Menck’s 40 students that fall represented a mix of majors: business, arts and sciences, engineering and communication. Among the ideas were cheaper brats, beers and burgers, and better transportation.

A common theme was that students want more tradition, a sense of community, a personal experience. And each team agreed a key way to build community and a personal connection to the games was to give the Golden Eagles’ mascot a name.

Day continues her work on that challenge via a student committee to come up with a name for Marquette’s mascot. (Spoiler alert: Iggy is a top contender, to align with St. Ignatius.) Day and Menck were at once awed yet not quite taken aback by the idea that a class project could lead to an abiding difference.

“You can make change, and that is really what it is all about,” Menck says.

Tapping into one’s creative side is imperative in today’s highly visual world, Menck says, as “we’re moving beyond the idea of the knowledge worker to where it is really important to use both sides of your brain and to think creatively because that is where innovation comes from.”

An entrepreneurial mindset is not relegated to the realm of startups, she says. CEO surveys consistently reveal that top executives seek creative thinkers, people who can tackle challenges and innovate even within a larger organization.


Since friends who took the class gushed that it was “awesome and amazing,” Day expected a great experience, but not necessarily something tangibly enduring. But by the time she bumped into Menck during finals week in spring 2017, she brimmed with gratitude, telling her former teacher her class “changed my world.”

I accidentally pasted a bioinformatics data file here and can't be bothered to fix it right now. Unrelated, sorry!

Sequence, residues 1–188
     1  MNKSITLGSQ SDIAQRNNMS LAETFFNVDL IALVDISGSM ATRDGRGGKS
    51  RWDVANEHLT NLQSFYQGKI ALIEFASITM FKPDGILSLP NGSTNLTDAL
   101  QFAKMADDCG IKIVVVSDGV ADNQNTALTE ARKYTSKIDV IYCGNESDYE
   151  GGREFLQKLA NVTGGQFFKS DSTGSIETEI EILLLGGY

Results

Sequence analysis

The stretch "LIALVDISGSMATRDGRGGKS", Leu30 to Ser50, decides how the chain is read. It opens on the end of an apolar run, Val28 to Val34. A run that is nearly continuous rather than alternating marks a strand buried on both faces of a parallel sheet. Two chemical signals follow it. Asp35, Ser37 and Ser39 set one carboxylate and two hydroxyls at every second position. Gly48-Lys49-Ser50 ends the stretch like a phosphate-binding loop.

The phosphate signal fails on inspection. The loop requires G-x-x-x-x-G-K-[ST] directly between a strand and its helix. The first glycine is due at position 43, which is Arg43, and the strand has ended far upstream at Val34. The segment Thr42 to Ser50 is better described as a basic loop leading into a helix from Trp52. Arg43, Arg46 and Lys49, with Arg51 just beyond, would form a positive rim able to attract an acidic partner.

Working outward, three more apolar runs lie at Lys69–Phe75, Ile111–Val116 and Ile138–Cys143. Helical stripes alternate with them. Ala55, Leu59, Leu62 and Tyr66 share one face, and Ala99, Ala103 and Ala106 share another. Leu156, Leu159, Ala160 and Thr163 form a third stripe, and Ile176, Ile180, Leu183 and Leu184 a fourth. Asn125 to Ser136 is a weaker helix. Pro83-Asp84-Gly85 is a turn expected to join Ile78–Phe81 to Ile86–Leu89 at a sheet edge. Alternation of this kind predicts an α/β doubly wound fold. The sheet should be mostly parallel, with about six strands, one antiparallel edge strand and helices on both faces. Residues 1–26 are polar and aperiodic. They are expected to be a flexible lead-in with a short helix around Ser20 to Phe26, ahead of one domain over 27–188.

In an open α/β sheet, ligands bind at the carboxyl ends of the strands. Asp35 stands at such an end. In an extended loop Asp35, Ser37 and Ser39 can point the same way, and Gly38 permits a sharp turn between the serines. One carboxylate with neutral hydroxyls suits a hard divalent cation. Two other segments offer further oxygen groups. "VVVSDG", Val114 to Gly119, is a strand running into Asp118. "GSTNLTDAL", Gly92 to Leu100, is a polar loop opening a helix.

In spring 2017 students made their final pitches at the 707 Hub, a new student-initiated innovation space supporting idea generation, entrepreneurship and social innovation across campus.The space is also home to the Kohler Center for Entrepreneurship and the Social Innovation Initiative. With its movable glass walls, exposed structural elements and tools such as a 3-D printer, it’s the hottest space on campus. And Menck was involved in the 707 Hub’s early development stages through Carver. At the grand opening in March, she and some of her students were there wearing blue and gold 707 HubT-shirts just like the staff and others involved in the planning process.

Menck sustains her connection to the hub, in part by sharing it with her communication students. She encourages them to use the space and build relationships, kind of like I did, to meet these other great students who are doing great things. And they need your help … to communicate their great ideas and be part of these innovative and entrepreneurial teams.”

“Communication has got to get out of the communication building,” Menck says. “We can’t just be in our own little silo. We have to get our students to work with other disciplines. That is just the way our world works now.”

Such collaboration, Menck says, “is the future. You’ve got to be entrepreneurially minded.That is where the job growth is.”

Streightiff is fully on board and is crafting a self-designed minor that, for now, she dubs Leadership and Innovation, which springs from her experience in this course. She also is a University Innovation Fellow, a national program based out of Stanford University that empowers students to become change agents at their schools.

Among her goals as an innovation fellow, Streightiff says, is to integrate entrepreneurial mindset learning campuswide, “trying to get Marquette overall to be more like (Menck’s) class.”

“The fact that all of these other students from other colleges are coming to the College of Communication really reflects our college in a great way,” Streightiff says. “It is bringing a new way of thinking into our college, helping our students to be more innovative … and opens our audience, helping to make our college more diverse.”

This story is from the 2017 issue of Comm, the annual magazine of the Diederich College of Communication at Marquette University. Read more stories from Comm to learn all about the college’s students, faculty and commitment to communication for the greater good.